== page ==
model.root.input.model.unit_001.adsorption.mcl_ka = [1.0,] # m^3 / (mol * s) (mobile phase)
model.root.input.model.unit_001.adsorption.mcl_kd = [1.0,] # 1 / s (desorption)
model.root.input.model.unit_001.adsorption.mcl_qmax = [100.0,] # mol / m^3 (solid phase)
```

#### Initial Conditions¶

Next, we specify the initial conditions (concentration of the components in the mobile and stationary phases) for the column. These concentrations are entered as vectors, where each entry gives the concentration for the corresponding component. In this example, we start with an empty column.

```
model.root.input.model.unit_001.init_c = [0.0,]
model.root.input.model.unit_001.init_q = [0.0,]
```

#### Setting up the Discretization¶

There are several options for adapting the spatial discretization of the PDE model.
However, the two most important ones are the number of grid cells in the column (axial direction) and the particles, which are also set in this example.
We choose `20`

axial cells in the column `ncol`

and `5`

radial cells in the particle `npar`

.

Warning

These are rather low values to make the examples run faster, since they are only for educational purposes. In practice, much higher values are expected (say 100-200 axial cells and 16-32 particle cells). Note that the WENO scheme, which handles the advection, drastically reduces the required amount of cells compared to an upwind scheme.

Moreover, we have to specify the number of bound states for each component. Finally, we set some other options for the discretization, which usually do not need to be changed.

```
### Grid cells
model.root.input.model.unit_001.discretization.ncol = 20
model.root.input.model.unit_001.discretization.npar = 5
### Bound states
model.root.input.model.unit_001.discretization.nbound = [1]
### Other options
model.root.input.model.unit_001.discretization.par_disc_type = 'EQUIDISTANT_PAR'
model.root.input.model.unit_001.discretization.use_analytic_jacobian = 1
model.root.input.model.unit_001.discretization.reconstruction = 'WENO'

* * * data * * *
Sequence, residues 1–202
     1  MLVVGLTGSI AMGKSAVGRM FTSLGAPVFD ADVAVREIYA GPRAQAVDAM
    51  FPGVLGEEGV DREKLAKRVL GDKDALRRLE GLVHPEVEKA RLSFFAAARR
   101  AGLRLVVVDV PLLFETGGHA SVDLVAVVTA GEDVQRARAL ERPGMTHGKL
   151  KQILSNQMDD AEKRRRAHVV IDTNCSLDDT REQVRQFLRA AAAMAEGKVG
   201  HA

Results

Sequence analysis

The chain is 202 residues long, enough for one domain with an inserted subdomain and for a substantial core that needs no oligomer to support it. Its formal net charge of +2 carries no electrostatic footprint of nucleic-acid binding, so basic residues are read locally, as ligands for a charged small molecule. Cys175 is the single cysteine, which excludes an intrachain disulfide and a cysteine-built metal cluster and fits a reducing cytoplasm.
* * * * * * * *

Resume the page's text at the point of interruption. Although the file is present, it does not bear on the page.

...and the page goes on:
model.root.input.model.unit_001.discretization.gs_type = 1
model.root.input.model.unit_001.discretization.max_krylov = 0
model.root.input.model.unit_001.discretization.max_restarts = 10
model.root.input.model.unit_001.discretization.schur_safety = 1.0e-8
model.root.input.model.unit_001.discretization.weno.boundary_model = 0
model.root.input.model.unit_001.discretization.weno.weno_eps = 1e-10
model.root.input.model.unit_001.discretization.weno.weno_order = 3
```

### Outlet Model¶

The `OUTLET`

is another pseudo unit operation that serves as sink for the system.

Note

In this case, the outlet unit is actually not required. We could use the outlet concentration signal of the column model instead.

```
model.root.input.model.unit_002.unit_type = 'OUTLET'
model.root.input.model.unit_002.ncomp = 1
```

## 2. Setting up Time Sections and Connections¶

### Time Sections¶

Time sections are used to specify changes of parameter values during the simulation. A section typically corresponds to an operating step (load, wash, elute etc.), but can also be used to indicate changes in connectivity, or even discontinuities of model parameters.

In the `/input/solver/sections/`

group, `nsec`

denotes the number of sections.
The start and end times of a section are given in the `section_times`

vector.
It should always start at `0.0`

and contains `nsec + 1`

values, that is, the `i`

th section goes from `section_times[i]`

to `section_times[i+1]`

.

The `section_continuity`

indicates whether a transition from one section to the next is continuous in both the inlet and the parameters.
It has `nsec - 1`

number of values, since there is one transition less than there are sections.
The continuity is used in CADET’s time integrator, which needs to decide whether to restart on entering a new section.
If the transition is continuous, the time integrator can try to step over the transition without restarting, thus saving some computation time (since the restart is costly).
If you are unsure about the continuity, just leave it at `0`

.

```
model.root.input.solver.sections.nsec = 1
model.root.input.solver.sections.section_times = [0.0, 1200,] # s
model.root.input.solver.sections.section_continuity = []
```

As mentioned earlier, we now define the `INLET`

profile using a piecewise cubic polynomial.
On each section \([ t_i, t_{i+1} ]\) a cubic polynomial \(p_i\) is defined:

where the coefficients of the polynomial are `const_coeff`

(a), `lin_coeff`

(b), `quad_coeff`

(c), and `cube_coeff`

(d).
Note that the constant coefficient `const_coeff`

determines the starting concentration on each section.
The stopping concentration is given by \(p_i( t_{i+1} )\) or \(p_{i+1}( t_{i+1} )\) in case of a continuous profile.

In this example, which has only one section, we define its coefficients by adding the field `sec_000`

to the inlet unit (`unit_000`

).
Since the column should be constantly fed with \(1.0 \cdot 10^{-3} mol / m^3\), we set `const_coeff`

to `[1.0e-3]`

and all other cofficients to `[0.0]`

.
Note that for more components, a vector of coefficients needs to be specified.

```
model.root.input.model.unit_000.sec_000.const_coeff = [1.0e-3,] # mol / m^3
model.root.input.model.unit_000.sec_000.lin_coeff = [0.0,]
model.root.input.model.unit_000.sec_000.quad_coeff = [0.0,]